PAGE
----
signed a treaty
for the avoidance of double taxation
on 7th of September 1999; the treaty
became effective from 1st of January 2001. The agreement
has been amended on 28th of May 2012 and the modified provisions became effective starting with 26th of December 2013. Portuguese investors
interested in setting up a company in Singapore
may benefit of the provisions of the agreemen
t; our lawyers in Singapore
can provide you with a detailed presentation on the latest protocol signed by the two contracting states.
Main provisions of the Singapore – Portugal double tax treaty
The agreement covers the tax on income, where income refers to the total or to parts of the income, such as taxation of gains from immovable or movable property or the tax applicable on the salaries paid by a company to its employees. The treaty stipulates that Portugal and Singapore will apply the tax on income on identical or similar taxes, as stated by the local legislation of each contracting state.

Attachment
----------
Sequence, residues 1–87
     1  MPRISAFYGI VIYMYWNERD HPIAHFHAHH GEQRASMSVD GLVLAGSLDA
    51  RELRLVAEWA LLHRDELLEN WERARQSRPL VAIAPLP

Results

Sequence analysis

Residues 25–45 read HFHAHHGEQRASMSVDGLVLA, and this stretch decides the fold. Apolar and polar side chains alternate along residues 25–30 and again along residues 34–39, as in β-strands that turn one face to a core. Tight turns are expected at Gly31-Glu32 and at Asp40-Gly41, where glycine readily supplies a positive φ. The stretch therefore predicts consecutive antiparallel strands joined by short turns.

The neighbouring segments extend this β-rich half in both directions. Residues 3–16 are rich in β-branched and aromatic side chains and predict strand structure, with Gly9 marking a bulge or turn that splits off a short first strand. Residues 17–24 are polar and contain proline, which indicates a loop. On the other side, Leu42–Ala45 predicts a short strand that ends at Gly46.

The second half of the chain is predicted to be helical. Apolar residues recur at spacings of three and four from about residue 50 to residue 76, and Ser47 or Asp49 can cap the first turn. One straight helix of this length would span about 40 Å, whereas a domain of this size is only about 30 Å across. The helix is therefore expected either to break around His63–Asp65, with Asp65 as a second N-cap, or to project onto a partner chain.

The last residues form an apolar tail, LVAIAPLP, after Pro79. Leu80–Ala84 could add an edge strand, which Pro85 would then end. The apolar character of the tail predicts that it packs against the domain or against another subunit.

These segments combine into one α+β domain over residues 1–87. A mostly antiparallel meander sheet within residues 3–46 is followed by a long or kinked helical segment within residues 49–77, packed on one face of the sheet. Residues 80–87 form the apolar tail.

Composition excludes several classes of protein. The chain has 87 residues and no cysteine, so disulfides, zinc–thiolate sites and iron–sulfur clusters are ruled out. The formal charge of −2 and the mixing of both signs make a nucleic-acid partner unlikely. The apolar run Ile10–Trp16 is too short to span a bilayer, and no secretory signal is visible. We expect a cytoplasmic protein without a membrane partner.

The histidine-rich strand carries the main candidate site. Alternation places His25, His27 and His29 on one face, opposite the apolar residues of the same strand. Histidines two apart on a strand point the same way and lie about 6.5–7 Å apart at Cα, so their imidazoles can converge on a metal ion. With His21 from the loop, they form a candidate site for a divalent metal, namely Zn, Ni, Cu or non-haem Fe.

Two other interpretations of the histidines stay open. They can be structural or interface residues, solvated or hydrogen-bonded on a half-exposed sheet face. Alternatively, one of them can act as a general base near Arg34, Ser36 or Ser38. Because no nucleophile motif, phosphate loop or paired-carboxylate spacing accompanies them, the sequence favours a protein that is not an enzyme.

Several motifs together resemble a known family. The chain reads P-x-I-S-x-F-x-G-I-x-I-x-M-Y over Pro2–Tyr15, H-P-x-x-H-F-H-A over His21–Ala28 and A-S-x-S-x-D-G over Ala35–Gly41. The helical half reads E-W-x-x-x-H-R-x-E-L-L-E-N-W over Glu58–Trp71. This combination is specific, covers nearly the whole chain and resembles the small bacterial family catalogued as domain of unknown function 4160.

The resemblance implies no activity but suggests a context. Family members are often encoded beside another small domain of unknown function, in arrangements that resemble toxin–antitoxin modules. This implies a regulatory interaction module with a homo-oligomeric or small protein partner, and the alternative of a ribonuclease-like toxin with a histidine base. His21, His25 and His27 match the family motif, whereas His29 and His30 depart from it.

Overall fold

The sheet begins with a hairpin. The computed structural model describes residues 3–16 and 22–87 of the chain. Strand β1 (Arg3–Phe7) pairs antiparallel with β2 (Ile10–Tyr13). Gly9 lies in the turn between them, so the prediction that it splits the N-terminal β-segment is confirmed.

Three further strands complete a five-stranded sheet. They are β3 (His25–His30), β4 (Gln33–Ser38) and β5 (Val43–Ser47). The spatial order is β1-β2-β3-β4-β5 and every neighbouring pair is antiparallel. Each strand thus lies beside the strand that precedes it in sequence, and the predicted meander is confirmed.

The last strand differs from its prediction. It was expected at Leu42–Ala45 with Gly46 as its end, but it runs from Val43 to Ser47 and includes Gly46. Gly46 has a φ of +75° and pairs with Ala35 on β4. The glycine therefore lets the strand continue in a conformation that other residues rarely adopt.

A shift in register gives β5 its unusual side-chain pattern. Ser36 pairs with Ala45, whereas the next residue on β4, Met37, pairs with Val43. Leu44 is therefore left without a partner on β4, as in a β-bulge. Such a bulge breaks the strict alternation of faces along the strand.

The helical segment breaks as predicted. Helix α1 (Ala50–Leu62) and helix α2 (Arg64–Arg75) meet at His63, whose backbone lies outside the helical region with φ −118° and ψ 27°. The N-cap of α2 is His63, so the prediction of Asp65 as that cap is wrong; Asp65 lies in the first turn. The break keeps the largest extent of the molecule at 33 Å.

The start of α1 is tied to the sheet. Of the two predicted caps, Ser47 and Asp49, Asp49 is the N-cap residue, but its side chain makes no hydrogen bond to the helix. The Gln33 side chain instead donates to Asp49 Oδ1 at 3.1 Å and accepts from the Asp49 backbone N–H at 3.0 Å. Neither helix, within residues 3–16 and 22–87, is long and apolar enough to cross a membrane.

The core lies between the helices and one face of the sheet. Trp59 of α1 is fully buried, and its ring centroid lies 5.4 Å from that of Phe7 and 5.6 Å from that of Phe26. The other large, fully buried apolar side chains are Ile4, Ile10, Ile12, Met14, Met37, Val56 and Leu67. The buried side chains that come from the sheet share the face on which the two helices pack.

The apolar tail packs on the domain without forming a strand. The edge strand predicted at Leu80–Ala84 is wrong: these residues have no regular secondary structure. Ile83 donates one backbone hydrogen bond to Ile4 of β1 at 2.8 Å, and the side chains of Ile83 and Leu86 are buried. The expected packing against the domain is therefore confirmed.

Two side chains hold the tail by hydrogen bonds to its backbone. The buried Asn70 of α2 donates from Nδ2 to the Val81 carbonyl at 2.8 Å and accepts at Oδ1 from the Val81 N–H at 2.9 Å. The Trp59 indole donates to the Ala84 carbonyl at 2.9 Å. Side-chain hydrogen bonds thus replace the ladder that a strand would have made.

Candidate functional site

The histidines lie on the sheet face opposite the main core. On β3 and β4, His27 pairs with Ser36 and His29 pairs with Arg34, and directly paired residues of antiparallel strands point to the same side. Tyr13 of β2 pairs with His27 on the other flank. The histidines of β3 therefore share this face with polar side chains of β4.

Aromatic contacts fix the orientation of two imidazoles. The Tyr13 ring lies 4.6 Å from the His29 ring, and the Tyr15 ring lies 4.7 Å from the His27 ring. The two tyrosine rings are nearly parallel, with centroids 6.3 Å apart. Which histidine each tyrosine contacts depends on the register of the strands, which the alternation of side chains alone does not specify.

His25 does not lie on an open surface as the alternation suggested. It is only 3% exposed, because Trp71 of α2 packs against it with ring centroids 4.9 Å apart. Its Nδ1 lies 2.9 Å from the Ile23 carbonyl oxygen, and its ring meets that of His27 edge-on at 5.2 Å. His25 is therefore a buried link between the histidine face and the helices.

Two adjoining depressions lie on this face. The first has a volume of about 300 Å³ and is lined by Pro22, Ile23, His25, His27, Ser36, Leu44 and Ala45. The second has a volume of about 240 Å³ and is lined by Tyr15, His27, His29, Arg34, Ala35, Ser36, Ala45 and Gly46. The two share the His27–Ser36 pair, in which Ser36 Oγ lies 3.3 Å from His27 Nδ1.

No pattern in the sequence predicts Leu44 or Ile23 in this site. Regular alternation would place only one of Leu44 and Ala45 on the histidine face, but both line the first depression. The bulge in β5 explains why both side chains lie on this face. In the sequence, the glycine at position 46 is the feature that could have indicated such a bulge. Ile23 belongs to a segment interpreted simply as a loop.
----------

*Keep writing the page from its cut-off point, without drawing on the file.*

Taxes covered by the Singapore – Portugal double tax treaty (DTA) are the following:
• the income tax – applicable in the case of Singapore;
• the personal income tax;
• the corporate income tax;
• the local surtax on corporate income tax.
The last three taxes are applied on the territory of Portugal, under the Portuguese legislation.
According to the agreement
, a person or a company is considered a resident
in one of the contracting states as long as he or she is a tax resident
in that state. A tax resident
is a person who is liable to pay taxes
in one of the states for reasons such as residency, domicile or place of management and other legal means by which a person is subjected to taxation; our law firm in Singapore
can provide you with a detailed presentation on this subject.
Taxation of income under the Singapore – Portugal DTA
Persons interested in setting up a company in Singapore
should know that the Singapore – Portugal DTA
stipulates that the following incomes are subjected to taxation:
• income from immovable property;
• business profits;
• air transportation;
• dividends (usually taxed at a rate of maximum 10% of the gross amounts of the dividends);
• interest (taxed at a rate of 10% of the gross amount of the interest);
• royalties (taxed at a rate of maximum 10% of the gross amount);
• capital gains.